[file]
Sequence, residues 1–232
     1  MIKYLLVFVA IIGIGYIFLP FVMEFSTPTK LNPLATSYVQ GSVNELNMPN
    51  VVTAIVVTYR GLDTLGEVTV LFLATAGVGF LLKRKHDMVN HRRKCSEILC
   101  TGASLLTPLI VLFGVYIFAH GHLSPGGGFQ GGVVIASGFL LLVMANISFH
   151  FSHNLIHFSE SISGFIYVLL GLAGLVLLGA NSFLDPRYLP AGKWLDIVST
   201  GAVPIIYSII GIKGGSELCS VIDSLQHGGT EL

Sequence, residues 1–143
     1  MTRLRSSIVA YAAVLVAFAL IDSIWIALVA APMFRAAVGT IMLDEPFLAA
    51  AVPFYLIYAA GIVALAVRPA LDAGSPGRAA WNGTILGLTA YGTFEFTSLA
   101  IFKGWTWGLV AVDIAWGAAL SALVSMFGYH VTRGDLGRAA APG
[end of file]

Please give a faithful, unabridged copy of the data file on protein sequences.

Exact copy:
Sequence, residues 1–232
     1  MIKYLLVFVA IIGIGYIFLP FVMEFSTPTK LNPLATSYVQ GSVNELNMPN
    51  VVTAIVVTYR GLDTLGEVTV LFLATAGVGF LLKRKHDMVN HRRKCSEILC
   101  TGASLLTPLI VLFGVYIFAH GHLSPGGGFQ GGVVIASGFL LLVMANISFH
   151  FSHNLIHFSE SISGFIYVLL GLAGLVLLGA NSFLDPRYLP AGKWLDIVST
   201  GAVPIIYSII GIKGGSELCS VIDSLQHGGT EL

Sequence, residues 1–143
     1  MTRLRSSIVA YAAVLVAFAL IDSIWIALVA APMFRAAVGT IMLDEPFLAA
    51  AVPFYLIYAA GIVALAVRPA LDAGSPGRAA WNGTILGLTA YGTFEFTSLA
   101  IFKGWTWGLV AVDIAWGAAL SALVSMFGYH VTRGDLGRAA APG